Chris Stroud - Transition

Chris Stroud discusses the importance of having a good transition in the swing. He focuses on keeping his head level in the backswing and downswing until impact.


Transcript

I think everyone, when they're warming up every day to play golf, when they're about to go play golf or just practicing-- I think if everybody would just spend a few minutes, three, four, five minutes, on just working on their transition, I think they'll hit it great. I'll show you what I mean. So I'll hit one. And I'll show you what I do on my transition work.

So the transition is probably the trickiest part of the golf swing, because you're going from moving one direction-- the club's moving one direction, and all of a sudden now you've got to get ready for impact. Well, so many things can go wrong, and a lot of things do go wrong for all of us.

Yeah, you're wound, and now you've got to negotiate the drop. Do I drop? Do I--

You know, as a young kid playing all sports, I was very lucky to have some pretty good hand-eye coordination. So no matter how bad I brought it back, I was able to get the club on the ball. Some people don't have that, or maybe they have a bad hip or something and they've got to work around it. For me, the key is trying to figure out-- how do you feel this up here, turn into the ball, and get that club square at impact to hit a solid shot?

A lot of people are handsy and all that. But transition-- I do a lot of this. You'll see me. Like I said earlier, I'll do a lot of this, a lot of just moving back and forth. And while I'm doing that, I'm trying to keep my head very level to the ground. I used to go really far down and then really back up. No good.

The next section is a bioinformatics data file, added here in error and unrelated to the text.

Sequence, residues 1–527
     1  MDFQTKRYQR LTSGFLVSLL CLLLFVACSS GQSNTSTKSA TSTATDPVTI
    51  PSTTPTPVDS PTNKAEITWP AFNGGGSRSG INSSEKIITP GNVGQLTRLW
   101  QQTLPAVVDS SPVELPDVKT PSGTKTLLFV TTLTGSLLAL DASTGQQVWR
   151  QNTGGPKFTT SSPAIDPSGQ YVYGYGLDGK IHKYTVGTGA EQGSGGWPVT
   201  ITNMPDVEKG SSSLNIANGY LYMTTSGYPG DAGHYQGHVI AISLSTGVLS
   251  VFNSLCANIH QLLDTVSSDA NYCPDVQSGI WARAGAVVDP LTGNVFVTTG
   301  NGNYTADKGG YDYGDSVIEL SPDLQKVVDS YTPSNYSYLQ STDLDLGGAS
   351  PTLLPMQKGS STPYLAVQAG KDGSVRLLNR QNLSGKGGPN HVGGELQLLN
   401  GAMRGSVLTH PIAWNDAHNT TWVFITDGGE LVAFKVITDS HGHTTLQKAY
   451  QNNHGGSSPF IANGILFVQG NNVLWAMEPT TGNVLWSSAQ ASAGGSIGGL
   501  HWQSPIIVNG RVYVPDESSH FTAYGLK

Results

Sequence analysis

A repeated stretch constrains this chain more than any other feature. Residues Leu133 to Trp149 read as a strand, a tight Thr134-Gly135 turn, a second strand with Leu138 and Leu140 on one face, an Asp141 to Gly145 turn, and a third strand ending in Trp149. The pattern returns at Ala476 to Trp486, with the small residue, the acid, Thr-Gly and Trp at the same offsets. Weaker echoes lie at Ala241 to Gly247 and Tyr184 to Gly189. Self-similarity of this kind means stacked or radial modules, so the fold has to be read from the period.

So keeping my head level. I can do that in the gym. I do these things called skiers in the gym. And I'm going like this. And I'm just constantly trying to keep my head level while I'm looking myself in the mirror, watching this. So it's the same move.

So in transition, I go to the top. Now I've had enough years where I've been laid off. I very rarely get across the line. I've been too far. And the more I work out, the shorter my backswing, the better I hit it. So transition--

You've tried them all.

I've tried them all. You can ask any question you want. But going back, set up here. Good stable base. Go back to the top, trying to stay in my nice spinal--

We're not straightening or anything. We're just--

I'm not straightening this. I'm not bending too much anymore. All I did was this right here. I turn my knees, my hips. I'm sitting in my right hip right now, deep. I'm not up on my toes. I'm not falling back on my heel. I'm right in the middle of my right foot. I can do a one-hit, one-legged standing squat, or standing lunge I guess, like that. That's where I feel like I'm at. So on the top of my swing, I feel like I can do that almost at any time.

So I come back to that. Now I'm back here. That's why I think that move, that practice right there is really good.

You're sort of rehearsing perfect, perfect, perfect--

Perfect.

--in-motion kind of thing.

Perfect, perfect. And again, I'm trying to maintain that angle as I turn.

Angle meaning, of course-- which should be this angle of the spine, right?

Spine angle and adjust. Yeah.

So go ahead and do that drill again. Yeah. There's just not much can go wrong there, when you're looking at it. I mean, it's pretty clear to everyone that's watching this video that it's very stable. There's not a lot of--

And that's really what we're all trying to do. I think we're all trying to find a way--

Consistent.

--to be as consistent and straight on the days you don't have it, and the contact may not be that great. Maybe you're turning a little fast or a little slow. If you can keep those basic things-- your spine angle and your setup and your transition-- nice and smooth, you're not going to hit that far offline.